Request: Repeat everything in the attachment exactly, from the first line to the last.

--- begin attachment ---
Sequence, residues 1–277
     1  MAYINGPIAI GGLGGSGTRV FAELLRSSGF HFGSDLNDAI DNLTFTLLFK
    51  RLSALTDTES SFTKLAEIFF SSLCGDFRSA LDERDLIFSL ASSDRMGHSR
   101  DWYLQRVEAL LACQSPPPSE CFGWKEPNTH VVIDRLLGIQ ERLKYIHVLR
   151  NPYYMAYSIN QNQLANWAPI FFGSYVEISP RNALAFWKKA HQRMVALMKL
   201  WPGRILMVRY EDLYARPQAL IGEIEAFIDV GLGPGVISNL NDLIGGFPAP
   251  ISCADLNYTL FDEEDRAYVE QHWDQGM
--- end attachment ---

Sequence, residues 1–277
     1  MAYINGPIAI GGLGGSGTRV FAELLRSSGF HFGSDLNDAI DNLTFTLLFK
    51  RLSALTDTES SFTKLAEIFF SSLCGDFRSA LDERDLIFSL ASSDRMGHSR
   101  DWYLQRVEAL LACQSPPPSE CFGWKEPNTH VVIDRLLGIQ ERLKYIHVLR
   151  NPYYMAYSIN QNQLANWAPI FFGSYVEISP RNALAFWKKA HQRMVALMKL
   201  WPGRILMVRY EDLYARPQAL IGEIEAFIDV GLGPGVISNL NDLIGGFPAP
   251  ISCADLNYTL FDEEDRAYVE QHWDQGM